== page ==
Meanwhile, SA rolling initial claims are now running at sub-300k on a rolling SA basis for the third week in a row. In the past two instances (1 & 2006-2007) the market advanced for 12-18 months after rolling initial claims first dropped below 300k.  

 

The Data

Prior to revision, initial jobless claims rose 22k to 311k from 289k WoW, as the prior week's number was revised up by 1k to 290k.

 

The headline (unrevised) number shows claims were higher by 21k WoW. Meanwhile, the 4-week rolling average of seasonally-adjusted claims rose 2k WoW to 295.75k.

 

The 4-week rolling average of NSA claims, which we consider a more accurate representation of the underlying labor market trend, was -11.1% lower YoY, which is a sequential deterioration versus the previous week's YoY change of -12.0%

 

INITIAL CLAIMS DATA SOFTENS BUT THE TREND REMAINS INTACT - 1

 

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INITIAL CLAIMS DATA SOFTENS BUT THE TREND REMAINS INTACT - 19

 

Yield Spreads

The 2-10 spread fell -1 basis points WoW to 201 bps. 3Q14TD, the 2-10 spread is averaging 203 bps, which is lower by -18 bps relative to 2Q14.

 

INITIAL CLAIMS DATA SOFTENS BUT THE TREND REMAINS INTACT - 15

 

INITIAL CLAIMS DATA SOFTENS BUT THE TREND REMAINS INTACT - 16

 

Joshua Steiner, CFA

 

Jonathan Casteleyn, CFA, CMT


THOUGHT PIECE: CALLING UP “MANAGEMENT” ON RATES

Takeaway: Recent commentary out of Federal Reserve policymakers solidifies our expectations that the Fed will surprise investors to the dovish side.

This note was originally published August 13, 2014 at 23:43 in Macro by Hedgeye Macro analyst Darius Dale. For more information on our services click here.

When I started as a junior analyst in this business, I had the fortunate experience from learning from one of the best Retail & Apparel analysts in the world, Hedgeye Sector Head Brian McGough. One of my primary responsibilities on Brian’s team was to update models during earnings season and take notes on conference calls. 

 

It didn’t take long for me to realize that “management” knew little more about the future than even I did. In fact, listening to how bearish many of those executives sounded during what was a generational opportunity to buy domestic consumer discretionary stocks (i.e. mid-2009) sounded increasingly at odds with the Hedgeye Macro Team’s almost-giddy bullish view on the US consumer.

 

THOUGHT PIECE: CALLING UP “MANAGEMENT” ON RATES - future

 

I learned three valuable lessons from that experience that have shaped, if not defined my analytical career:

 

  1. No one knows anything about the future. We’re all getting paid handsomely to bet on what we view as the most probable outcome (i.e. “guess”).
  2. While relative levels of compensation would indicate otherwise, corporate executives are not any better than you or I at predicting the future state of their own operating performance – let alone the broader economy. The best they can do for you in a 1x1 meeting is provide you with details that may border on material nonpublic information – something we vehemently shun at Hedgeye. 
  3. There is no “management” to call in macro.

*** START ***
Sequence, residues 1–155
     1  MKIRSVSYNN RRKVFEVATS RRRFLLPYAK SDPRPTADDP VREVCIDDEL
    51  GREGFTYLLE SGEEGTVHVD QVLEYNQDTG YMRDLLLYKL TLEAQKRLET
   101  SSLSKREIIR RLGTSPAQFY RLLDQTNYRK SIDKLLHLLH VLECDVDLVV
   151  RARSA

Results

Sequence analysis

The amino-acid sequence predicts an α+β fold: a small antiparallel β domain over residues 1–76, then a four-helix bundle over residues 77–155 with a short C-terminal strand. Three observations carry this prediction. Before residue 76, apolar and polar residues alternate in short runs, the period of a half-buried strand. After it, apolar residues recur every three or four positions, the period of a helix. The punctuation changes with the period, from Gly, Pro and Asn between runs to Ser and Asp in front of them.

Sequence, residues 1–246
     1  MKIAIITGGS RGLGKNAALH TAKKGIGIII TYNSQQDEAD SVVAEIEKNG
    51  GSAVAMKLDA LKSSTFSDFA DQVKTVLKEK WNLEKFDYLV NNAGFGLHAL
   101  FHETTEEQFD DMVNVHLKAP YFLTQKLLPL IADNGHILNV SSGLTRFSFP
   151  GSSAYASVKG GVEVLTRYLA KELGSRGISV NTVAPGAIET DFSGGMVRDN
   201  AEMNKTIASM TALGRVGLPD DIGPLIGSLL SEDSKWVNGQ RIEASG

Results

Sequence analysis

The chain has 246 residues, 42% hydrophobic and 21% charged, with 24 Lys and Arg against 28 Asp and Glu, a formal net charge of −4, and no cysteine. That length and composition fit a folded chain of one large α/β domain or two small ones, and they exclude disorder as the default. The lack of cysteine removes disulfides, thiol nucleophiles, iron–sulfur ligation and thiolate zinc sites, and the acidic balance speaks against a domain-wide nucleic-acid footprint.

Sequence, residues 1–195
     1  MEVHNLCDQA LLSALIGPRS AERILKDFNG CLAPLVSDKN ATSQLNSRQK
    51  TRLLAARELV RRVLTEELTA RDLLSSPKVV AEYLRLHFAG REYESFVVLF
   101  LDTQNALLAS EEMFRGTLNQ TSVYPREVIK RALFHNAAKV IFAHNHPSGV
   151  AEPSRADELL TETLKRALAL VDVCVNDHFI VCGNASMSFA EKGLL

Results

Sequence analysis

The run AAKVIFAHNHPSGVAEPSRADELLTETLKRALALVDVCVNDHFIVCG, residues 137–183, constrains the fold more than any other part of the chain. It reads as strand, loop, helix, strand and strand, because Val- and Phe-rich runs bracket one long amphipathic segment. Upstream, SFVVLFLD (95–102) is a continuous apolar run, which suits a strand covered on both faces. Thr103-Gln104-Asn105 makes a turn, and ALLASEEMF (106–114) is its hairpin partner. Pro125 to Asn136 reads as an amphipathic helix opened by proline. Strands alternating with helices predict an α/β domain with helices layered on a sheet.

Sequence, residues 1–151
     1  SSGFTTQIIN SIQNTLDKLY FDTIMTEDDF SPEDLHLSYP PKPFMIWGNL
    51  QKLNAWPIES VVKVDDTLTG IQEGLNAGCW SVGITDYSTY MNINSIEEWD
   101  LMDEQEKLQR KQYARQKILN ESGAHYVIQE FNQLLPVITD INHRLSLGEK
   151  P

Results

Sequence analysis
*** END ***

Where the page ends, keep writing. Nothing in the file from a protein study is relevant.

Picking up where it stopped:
Regarding that last point, we often joke in meetings with prospective customers that “God called us” whenever we’re asked to describe the research process that has allowed us to stay on the opposite side of both buy-side and sell-side consensus on the direction of interest rates in both 2013 and 2014 (i.e. accurate).

 

In reality, our process is a combination of rigorous quantitative methods, meticulous study of economic history and a willingness to incorporate relatively newer disciplines such as behavioral finance and complexity theory into our analysis. We’re certainly not always right, but over the years we’ve found that combination to be the most successful at generating a high probability of accuracy on a consistent basis.

 

If, however, there was a management team to call in macro, it would most likely be the Federal Reserve. Their incessant and growing interference with financial markets has certainly amplified their role in both the price discovery process and the pace of economic activity. 

 

While we don’t have Janet Yellen’s phone number, or the numbers of any of her minions among the Federal Reserve Board of Governors, or their minions at CNBC or the WSJ, we can at least pretend to engage in a 1x1 dialogue with them by asking and responding to commentary from their recent statements.  We do this below with a satirical interview that incorporates sound bites from Federal Reserve Vice Chairman Stanley Fischer’s 8/11 speech at the Swedish Ministry of Finance:

 

  • Q: Hedgeye: Tell us about the Fed’s track record on growth.
  • A: Fischer: “Year after year we have had to explain from mid-year on why the global growth rate has been lower than predicted as little as two quarters back. Indeed, research done by my colleagues at the Federal Reserve comparing previous cases of severe recessions suggests that, even conditional on the depth and duration of the Great Recession and its association with a banking and financial crisis, the recoveries in the advanced economies have been well below average... These disappointments in output performance have not only led to repeated downward revisions of forecasts for short-term growth, but also to a general reassessment of longer-run growth. From the perspective of the FOMC, even in the heart of the crisis, in January 2009, the central tendency of the Committee members' projections for longer-run U.S. growth was between 2-1/2and 3 percent. At our June meeting this year, these projections had fallen to between roughly 2 and 2-1/4 percent.”